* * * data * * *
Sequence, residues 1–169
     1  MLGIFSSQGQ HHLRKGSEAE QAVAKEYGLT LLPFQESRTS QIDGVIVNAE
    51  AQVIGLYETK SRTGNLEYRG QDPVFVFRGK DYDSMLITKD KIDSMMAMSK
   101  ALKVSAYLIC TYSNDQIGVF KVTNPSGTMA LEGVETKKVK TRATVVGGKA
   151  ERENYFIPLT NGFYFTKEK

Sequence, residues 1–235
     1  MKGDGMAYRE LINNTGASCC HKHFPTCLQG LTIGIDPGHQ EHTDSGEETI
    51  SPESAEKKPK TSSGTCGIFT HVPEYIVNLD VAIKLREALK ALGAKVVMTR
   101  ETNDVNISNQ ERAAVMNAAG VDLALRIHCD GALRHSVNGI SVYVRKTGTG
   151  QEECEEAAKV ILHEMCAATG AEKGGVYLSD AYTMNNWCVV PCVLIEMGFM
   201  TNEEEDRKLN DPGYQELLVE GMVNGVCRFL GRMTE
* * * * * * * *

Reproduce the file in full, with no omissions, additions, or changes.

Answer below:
Sequence, residues 1–169
     1  MLGIFSSQGQ HHLRKGSEAE QAVAKEYGLT LLPFQESRTS QIDGVIVNAE
    51  AQVIGLYETK SRTGNLEYRG QDPVFVFRGK DYDSMLITKD KIDSMMAMSK
   101  ALKVSAYLIC TYSNDQIGVF KVTNPSGTMA LEGVETKKVK TRATVVGGKA
   151  ERENYFIPLT NGFYFTKEK

Sequence, residues 1–235
     1  MKGDGMAYRE LINNTGASCC HKHFPTCLQG LTIGIDPGHQ EHTDSGEETI
    51  SPESAEKKPK TSSGTCGIFT HVPEYIVNLD VAIKLREALK ALGAKVVMTR
   101  ETNDVNISNQ ERAAVMNAAG VDLALRIHCD GALRHSVNGI SVYVRKTGTG
   151  QEECEEAAKV ILHEMCAATG AEKGGVYLSD AYTMNNWCVV PCVLIEMGFM
   201  TNEEEDRKLN DPGYQELLVE GMVNGVCRFL GRMTE